Rankin Inlet pastor traces his faith to 1981 Billy Graham Crusade

"I’ve been fasting and praying for many years for God to move mightily and for souls to get saved and for lives to be changed."

A Billy Graham Crusade in Calgary abruptly changed Daniel Friesen’s life. The 1981 event sent the hard-drinking anti-Christian Friesen on an amazing journey that now has his him serving as a pastor in Rankin Inlet, and helping to organize the Billy Graham Evangelistic Association’s first-ever Celebration of Hope in Canada’s Arctic.

“I’m excited about the Celebration of Hope coming here because I’ve been fasting and praying for many years for God to move mightily and for souls to get saved and for lives to be changed,” the 61-one-year-old said in an interview.

The Celebration of Hope in Rankin Inlet, on the northwest shore of Hudson Bay 1,460 kilometers north of Winnipeg, will feature evangelism training, prayer sessions, and several other phases. Everything will culminate on Oct. 26 and 27 with two days of music, testimonies, and messages of hope from Will Graham, grandson of the same Billy Graham who had such a profound impact on Friesen almost 37 years ago.

Back then, Friesen was working in Fort McMurray, AB. He was married with two young children but had fully embraced the oil industry’s rough-and-tumble lifestyle, meaning he liked to drink, smoke, and fight.

Although his wife regularly attended church, Friesen was totally opposed.

“I’d come home after working 12 hours, (plus) an hour to work and an hour home, and they’d have a Bible study and I’d just kick them all out of my house.”

The family was on a brief vacation in Calgary when Friesen, then 26 and a country music fan, learned Johnny Cash would be performing at McMahon Stadium. The fact Billy Graham would also be preaching meant nothing to Friesen. He was there to hear Cash.

“So I went, and after he (Cash) was done singing, Billy Graham got up and preached,” Friesen recalled. “When he was done preaching, I felt the spirit of the Lord upon me and he (Graham) gave an altar call. I remember it as distinctly today as if it was yesterday– I threw my cigarettes behind me and I walked down the stands and up to the front.”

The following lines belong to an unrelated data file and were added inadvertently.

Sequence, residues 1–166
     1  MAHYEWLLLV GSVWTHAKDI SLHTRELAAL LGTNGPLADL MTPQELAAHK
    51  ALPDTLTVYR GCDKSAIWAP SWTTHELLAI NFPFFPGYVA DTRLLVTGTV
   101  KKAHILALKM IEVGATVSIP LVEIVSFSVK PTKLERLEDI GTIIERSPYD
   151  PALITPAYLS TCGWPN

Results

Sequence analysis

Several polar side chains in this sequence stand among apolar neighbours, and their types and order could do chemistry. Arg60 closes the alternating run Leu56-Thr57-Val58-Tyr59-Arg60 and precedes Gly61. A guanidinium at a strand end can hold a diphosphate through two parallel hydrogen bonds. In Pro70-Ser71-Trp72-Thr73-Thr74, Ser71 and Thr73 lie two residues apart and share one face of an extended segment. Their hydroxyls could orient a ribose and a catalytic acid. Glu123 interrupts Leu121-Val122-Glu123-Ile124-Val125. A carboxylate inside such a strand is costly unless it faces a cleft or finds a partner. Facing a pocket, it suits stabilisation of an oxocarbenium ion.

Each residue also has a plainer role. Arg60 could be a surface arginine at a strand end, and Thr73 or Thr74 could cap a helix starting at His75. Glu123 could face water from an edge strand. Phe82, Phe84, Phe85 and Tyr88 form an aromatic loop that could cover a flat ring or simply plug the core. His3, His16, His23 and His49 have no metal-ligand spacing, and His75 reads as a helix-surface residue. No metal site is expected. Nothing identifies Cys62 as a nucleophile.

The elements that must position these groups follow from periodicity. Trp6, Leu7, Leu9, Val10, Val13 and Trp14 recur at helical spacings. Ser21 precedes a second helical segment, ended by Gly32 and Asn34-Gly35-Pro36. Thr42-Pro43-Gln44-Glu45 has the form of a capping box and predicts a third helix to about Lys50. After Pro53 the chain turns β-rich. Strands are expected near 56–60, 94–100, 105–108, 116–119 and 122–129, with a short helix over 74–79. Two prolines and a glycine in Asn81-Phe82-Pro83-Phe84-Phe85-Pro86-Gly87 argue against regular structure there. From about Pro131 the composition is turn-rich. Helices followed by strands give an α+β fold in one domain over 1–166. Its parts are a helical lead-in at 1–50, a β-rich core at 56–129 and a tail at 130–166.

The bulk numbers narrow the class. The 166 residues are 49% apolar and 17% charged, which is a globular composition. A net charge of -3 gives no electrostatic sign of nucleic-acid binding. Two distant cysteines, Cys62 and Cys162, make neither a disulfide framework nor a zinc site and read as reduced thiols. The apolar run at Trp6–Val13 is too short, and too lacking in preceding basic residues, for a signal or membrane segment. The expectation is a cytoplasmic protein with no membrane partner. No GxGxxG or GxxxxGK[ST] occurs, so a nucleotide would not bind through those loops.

Friesen says he saw an image of Jesus in front of him as he committed his life to Christ.

The change was so abrupt and thorough that as soon as he returned to Fort McMurray, Friesen began encouraging his co-workers to join him in embracing Christ, and in reading the Bible at coffee breaks.

He was baptized, began attending church, and within a short time, was appointed a part-time pastor—serving at one Alberta church after another. He was helping lead a church in Leduc in 2006 when the first-ever Celebration of Hope with Will Graham happened there. Friesen served as a counselor, helping to welcome and pray with those who responded to Will’s invitation to commit their lives to Christ.

Sadly, Friesen’s wife eventually abandoned Christianity and walked out on their more than 30 years of marriage. The break-up left him so crushed that Friesen wanted to die. Instead, feeling called by God to uproot himself, he accepted a job in 2014 in Rankin Inlet—teaching students at the Nunavut Arctic College to drive massive mining trucks and other heavy equipment.

Soon, Friesen was also serving as a part-time pastor at the local Glad Tidings Church. In 2016, he married Maria, a Filipino woman who founded and co-pastored churches in the Philippines and Indonesia with her first husband before his death. Maria immigrated to Canada in 2016 to join Friesen in Rankin Inlet.

Together, they are excited to be part of the Celebration of Hope.

“I’m hoping a lot (of people) will make a commitment to Christ and have their lives changed” in 2018, just as his was changed in 1981, Friesen said.